Ghada Wali is a pioneering graphic designer from Egypt, who has designed fonts, brands and collaborated on high-profile, design-driven art projects. She believes graphic design can be used as a tool for social change.
Having completed a masters’ in graphic design from Florence, Italy, she went on to find new ways to build a dialogue, keeping the Arabic script as her focus. Effective communication and education is the road to more tolerant communities, says Wali. And who would have thought she would employ something as inconspicuous as Lego bricks to achieve her dream of making the Arabic script more accessible to people the world over.
“What if I combined the two most significant symbols of innocence and Arab identity? Maybe then people could resonate. What’s more pure, innocent and fun as Lego? It’s a universal child’s toy. You play with them, you build with them, and with them, you imagine endless possibilities. My eureka moment was to find a bilingual solution for Arabic education,” she says.
Ghada’s efforts were not intended to have only a cultural fallout – what she was also doing was help create tolerance in a world that seemed to have depleting resources of the same. She says, “I want to introduce the Arabic language to youngsters, foreign speakers, but most importantly help refugees integrate to their host societies through creating a bilingual learning system, a two-way flow of communication. I called it Let’s Play.”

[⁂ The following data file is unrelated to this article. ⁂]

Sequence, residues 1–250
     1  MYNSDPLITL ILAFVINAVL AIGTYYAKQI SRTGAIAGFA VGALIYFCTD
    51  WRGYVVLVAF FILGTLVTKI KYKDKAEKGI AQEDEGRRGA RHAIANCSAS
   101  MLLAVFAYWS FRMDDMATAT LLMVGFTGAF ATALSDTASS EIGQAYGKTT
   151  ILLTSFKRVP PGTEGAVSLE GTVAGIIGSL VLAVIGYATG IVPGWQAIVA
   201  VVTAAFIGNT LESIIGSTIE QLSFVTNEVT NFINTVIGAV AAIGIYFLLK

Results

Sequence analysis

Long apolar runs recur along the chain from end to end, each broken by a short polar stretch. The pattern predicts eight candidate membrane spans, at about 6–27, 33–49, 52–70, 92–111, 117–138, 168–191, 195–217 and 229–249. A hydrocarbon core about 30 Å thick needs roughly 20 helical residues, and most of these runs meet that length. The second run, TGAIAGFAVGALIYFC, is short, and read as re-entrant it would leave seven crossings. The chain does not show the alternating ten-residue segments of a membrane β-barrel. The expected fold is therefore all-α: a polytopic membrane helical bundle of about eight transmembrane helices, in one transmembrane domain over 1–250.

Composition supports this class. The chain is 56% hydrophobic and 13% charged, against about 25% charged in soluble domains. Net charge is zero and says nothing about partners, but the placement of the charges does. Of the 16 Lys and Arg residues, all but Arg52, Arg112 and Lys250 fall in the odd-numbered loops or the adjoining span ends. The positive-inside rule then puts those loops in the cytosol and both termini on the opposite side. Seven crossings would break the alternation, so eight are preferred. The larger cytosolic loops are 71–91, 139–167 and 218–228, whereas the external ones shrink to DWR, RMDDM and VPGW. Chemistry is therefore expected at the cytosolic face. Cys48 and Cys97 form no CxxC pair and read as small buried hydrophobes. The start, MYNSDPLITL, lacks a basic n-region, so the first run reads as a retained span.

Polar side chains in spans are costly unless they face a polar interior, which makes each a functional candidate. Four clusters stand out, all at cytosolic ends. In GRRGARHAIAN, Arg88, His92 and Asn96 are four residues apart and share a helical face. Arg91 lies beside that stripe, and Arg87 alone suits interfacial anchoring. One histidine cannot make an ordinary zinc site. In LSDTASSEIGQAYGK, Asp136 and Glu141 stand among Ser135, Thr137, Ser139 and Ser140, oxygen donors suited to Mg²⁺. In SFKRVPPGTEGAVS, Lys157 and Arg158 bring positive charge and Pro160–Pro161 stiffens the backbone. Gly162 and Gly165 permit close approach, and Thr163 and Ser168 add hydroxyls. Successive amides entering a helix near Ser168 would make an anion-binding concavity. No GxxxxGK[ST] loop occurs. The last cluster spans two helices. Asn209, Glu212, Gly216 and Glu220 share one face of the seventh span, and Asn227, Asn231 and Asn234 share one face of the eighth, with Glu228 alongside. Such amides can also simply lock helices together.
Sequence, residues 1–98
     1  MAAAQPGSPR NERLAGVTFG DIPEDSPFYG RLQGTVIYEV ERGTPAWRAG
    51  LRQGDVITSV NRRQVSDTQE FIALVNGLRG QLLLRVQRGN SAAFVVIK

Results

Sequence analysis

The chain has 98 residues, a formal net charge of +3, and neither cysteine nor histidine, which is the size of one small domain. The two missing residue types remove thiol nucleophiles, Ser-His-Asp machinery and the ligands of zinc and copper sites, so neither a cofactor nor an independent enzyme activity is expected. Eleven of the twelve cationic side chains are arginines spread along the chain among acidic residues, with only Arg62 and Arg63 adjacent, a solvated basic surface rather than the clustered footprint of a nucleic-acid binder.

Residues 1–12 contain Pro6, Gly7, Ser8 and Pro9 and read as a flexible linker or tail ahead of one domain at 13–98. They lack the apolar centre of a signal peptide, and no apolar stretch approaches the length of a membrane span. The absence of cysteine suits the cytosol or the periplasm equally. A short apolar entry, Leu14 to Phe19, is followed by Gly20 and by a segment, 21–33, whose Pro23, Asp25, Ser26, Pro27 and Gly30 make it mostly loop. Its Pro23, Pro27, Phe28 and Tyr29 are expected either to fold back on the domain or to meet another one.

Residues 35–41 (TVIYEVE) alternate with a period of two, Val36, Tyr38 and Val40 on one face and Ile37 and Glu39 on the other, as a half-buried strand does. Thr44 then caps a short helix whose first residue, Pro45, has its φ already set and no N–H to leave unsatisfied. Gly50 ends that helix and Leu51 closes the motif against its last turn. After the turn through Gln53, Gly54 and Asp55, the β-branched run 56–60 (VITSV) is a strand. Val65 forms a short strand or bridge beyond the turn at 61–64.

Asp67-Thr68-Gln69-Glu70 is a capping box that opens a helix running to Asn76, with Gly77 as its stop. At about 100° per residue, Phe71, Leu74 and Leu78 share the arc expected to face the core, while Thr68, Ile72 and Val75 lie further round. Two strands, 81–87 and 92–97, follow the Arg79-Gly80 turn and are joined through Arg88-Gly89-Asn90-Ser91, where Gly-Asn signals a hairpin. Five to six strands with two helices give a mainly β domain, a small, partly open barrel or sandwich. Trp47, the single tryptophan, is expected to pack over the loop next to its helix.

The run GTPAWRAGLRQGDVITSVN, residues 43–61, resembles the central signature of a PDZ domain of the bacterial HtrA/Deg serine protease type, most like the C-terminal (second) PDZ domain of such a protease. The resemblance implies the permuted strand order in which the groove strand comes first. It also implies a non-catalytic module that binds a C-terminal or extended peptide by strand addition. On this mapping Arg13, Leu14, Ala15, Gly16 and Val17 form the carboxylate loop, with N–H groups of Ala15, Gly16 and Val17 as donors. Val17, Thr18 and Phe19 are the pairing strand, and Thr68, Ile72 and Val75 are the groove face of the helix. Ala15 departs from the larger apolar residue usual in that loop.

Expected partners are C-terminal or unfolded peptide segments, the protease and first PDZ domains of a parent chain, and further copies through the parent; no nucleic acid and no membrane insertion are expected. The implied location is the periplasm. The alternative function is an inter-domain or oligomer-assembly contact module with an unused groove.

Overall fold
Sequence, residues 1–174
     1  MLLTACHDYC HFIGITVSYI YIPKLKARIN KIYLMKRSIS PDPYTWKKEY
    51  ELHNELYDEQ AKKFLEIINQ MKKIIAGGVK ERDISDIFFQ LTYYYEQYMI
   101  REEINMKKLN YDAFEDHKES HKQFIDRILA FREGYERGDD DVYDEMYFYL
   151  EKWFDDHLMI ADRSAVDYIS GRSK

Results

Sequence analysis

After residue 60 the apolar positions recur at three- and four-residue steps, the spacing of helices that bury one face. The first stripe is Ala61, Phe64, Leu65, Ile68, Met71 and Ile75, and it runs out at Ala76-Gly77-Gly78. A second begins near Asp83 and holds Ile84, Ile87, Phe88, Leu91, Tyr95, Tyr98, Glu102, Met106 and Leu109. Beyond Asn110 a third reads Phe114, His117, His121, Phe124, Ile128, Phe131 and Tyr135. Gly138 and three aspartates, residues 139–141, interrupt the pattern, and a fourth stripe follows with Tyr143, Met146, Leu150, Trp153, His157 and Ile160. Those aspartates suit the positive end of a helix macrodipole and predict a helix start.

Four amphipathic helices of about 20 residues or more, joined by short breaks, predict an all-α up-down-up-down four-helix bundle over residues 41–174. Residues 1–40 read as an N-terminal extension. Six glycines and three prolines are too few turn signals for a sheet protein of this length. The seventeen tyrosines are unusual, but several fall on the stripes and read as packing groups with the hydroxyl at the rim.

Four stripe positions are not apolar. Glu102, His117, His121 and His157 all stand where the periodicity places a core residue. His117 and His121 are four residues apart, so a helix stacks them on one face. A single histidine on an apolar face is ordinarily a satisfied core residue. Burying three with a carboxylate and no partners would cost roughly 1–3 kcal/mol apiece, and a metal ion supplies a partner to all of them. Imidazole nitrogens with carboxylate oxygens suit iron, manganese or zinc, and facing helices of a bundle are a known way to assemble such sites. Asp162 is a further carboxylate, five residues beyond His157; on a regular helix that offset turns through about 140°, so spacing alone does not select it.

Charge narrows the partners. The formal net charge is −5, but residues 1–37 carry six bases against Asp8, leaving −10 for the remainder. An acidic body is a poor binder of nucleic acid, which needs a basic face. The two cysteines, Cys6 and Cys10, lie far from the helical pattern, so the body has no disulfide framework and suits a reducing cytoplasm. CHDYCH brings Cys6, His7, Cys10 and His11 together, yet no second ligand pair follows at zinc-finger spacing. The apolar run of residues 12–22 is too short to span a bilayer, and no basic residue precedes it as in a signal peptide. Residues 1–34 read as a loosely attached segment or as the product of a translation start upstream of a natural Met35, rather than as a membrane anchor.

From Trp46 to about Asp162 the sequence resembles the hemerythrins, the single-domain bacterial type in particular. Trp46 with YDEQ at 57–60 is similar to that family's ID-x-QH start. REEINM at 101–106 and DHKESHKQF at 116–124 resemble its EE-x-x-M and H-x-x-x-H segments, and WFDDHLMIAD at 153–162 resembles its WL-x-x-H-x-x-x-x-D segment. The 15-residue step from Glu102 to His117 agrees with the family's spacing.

She goes on to explain the process employed in creating this learning system. In her studio in Florence, she started off by building the letters.
She photographed each letter separately, and then retouched every letter and chose the correct colour background and typefaces to use. Ultimately, she created the full letter set, which is 29 letters times four different forms. That’s 116 letters built just in one week.
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Synopsis: After a visit to a European library in search of Arabic and Middle Eastern texts turned up only titles about fear, terrorism and destruction, Ghada Wali resolved to represent her culture in a fun, accessible way. She uses Lego to teach Arabic script, harnessing the power of graphic design to create connection and positive change